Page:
Forget what you’ve heard about Jupiter: The Gas Giant does not orbit the Sun

Here’s a crazy space fact most of us were totally unaware of… The Gas Giant DOES NOT orbit the Sun. But don’t worry, Jupiter will stay inside our solar system’s family.

Astronomers from the European Southern Observatory (ESO) have discovered that Jupiter, the solar system largest planet does not orbit around the sun.

But don’t worry, Jupiter still belongs in our solar system, and it will most likely stay there for a while.

In fact, Jupiter the fifth planet from the sun is so big, gigantic, humongous that id doesn’t actually orbit around the sun.

Researchers have concluded that Jupiter is so massive by the standards of our solar system, that it is in fact 2.5 times heavier than all the solar system’s planets combined. Scientists have found that the center of gravity between the gas giant and our sun doesn’t actually reside inside the Sun, but at a point in space just above our sun’s surface.

But just how is this actually possible?

Well, when an object rotates (orbits) around another, actually both of them revolve around a shared center of gravity which will be located closer to the largest of the bodies.

To better understand this, let’s take for example Earth and how it orbits the much larger sun. Scientists explain that the center of gravity, in this case, resides so close to the center of gravity belonging to the more massive object that the impact is nearly imperceptible. This makes it as if the bigger object doesn’t move at all, while the smaller object races around it drawing circles.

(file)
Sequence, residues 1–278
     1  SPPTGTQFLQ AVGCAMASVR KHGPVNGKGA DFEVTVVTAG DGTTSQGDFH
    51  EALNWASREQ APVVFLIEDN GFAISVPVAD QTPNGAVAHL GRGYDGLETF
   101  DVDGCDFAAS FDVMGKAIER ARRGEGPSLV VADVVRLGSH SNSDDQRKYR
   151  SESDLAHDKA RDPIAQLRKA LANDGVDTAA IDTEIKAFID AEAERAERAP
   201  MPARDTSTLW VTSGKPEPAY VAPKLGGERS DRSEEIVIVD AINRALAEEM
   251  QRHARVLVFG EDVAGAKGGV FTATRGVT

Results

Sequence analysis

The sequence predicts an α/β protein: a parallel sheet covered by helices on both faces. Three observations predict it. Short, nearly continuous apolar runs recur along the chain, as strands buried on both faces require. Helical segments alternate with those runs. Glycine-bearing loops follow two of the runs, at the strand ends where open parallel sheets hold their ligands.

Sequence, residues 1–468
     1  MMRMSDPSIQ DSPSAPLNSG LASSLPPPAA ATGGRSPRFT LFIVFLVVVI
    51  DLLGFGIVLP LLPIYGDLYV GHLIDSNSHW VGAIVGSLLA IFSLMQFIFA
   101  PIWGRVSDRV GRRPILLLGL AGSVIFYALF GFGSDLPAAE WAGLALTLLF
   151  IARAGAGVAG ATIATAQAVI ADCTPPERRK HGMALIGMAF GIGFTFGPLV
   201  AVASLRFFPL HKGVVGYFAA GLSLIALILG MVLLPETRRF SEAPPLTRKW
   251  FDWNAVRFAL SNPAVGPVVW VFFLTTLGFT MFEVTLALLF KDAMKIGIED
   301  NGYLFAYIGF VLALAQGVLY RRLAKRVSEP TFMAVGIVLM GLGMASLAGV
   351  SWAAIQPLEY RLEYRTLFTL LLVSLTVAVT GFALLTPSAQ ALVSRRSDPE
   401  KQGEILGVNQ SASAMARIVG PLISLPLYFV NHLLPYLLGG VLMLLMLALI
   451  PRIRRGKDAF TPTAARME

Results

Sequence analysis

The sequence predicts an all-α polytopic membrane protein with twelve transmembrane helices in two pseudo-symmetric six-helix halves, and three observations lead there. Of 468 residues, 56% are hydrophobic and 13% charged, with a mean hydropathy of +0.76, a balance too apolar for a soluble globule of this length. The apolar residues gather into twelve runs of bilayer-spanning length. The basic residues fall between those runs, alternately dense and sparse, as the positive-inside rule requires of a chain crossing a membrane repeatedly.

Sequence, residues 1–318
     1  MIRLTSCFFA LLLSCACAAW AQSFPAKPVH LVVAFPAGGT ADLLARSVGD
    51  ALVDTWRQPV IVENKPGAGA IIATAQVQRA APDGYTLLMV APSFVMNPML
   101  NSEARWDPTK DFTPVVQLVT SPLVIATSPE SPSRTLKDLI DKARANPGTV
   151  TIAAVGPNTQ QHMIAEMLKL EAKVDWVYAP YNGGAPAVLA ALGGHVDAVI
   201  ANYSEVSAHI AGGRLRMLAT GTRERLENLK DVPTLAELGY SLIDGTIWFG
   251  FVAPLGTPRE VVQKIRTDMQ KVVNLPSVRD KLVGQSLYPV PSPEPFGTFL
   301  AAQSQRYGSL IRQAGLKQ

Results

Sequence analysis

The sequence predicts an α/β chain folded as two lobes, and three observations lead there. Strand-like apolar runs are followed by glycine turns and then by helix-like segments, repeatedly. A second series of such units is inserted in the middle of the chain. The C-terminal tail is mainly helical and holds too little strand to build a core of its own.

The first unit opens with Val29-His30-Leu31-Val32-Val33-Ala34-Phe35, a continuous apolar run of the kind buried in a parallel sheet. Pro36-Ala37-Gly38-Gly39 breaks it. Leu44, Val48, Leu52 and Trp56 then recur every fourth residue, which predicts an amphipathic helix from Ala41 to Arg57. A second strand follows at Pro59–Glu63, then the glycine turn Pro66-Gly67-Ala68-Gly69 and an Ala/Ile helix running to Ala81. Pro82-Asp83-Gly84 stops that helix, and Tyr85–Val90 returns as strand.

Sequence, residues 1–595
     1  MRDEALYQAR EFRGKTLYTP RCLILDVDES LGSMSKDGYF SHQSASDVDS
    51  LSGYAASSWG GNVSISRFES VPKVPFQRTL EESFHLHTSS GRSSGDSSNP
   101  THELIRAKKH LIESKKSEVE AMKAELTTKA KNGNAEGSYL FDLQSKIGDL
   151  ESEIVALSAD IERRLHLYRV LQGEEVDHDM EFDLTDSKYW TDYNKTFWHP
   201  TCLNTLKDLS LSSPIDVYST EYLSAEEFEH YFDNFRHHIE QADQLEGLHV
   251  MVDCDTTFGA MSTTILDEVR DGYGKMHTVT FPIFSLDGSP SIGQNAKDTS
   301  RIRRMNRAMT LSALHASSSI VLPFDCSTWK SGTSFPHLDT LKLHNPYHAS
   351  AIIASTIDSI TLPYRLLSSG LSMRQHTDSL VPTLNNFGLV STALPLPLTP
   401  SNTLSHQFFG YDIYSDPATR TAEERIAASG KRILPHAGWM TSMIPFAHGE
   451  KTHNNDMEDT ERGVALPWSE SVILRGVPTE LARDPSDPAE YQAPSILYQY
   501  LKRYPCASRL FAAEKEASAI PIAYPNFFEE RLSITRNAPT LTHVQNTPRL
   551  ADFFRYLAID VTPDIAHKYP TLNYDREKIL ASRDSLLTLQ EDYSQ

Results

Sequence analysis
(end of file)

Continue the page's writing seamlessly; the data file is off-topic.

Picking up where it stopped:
the solar system
Our solar system’s family… Don’t you miss Pluto?

While the Sun is so much larger than Earth, Venus Mercury, Mars and even Saturn, their centers of mass are located deep within the sun.

However, this isn’t the case with Jupiter.

In fact, the Gas giant is so HUGE, that its center of mass with the Sun is located 1.07 solar radii away from the center of the sun, meaning that both the sun and Jupiter orbit around that point in space.

To better understand this NASA has come up with this illustration:

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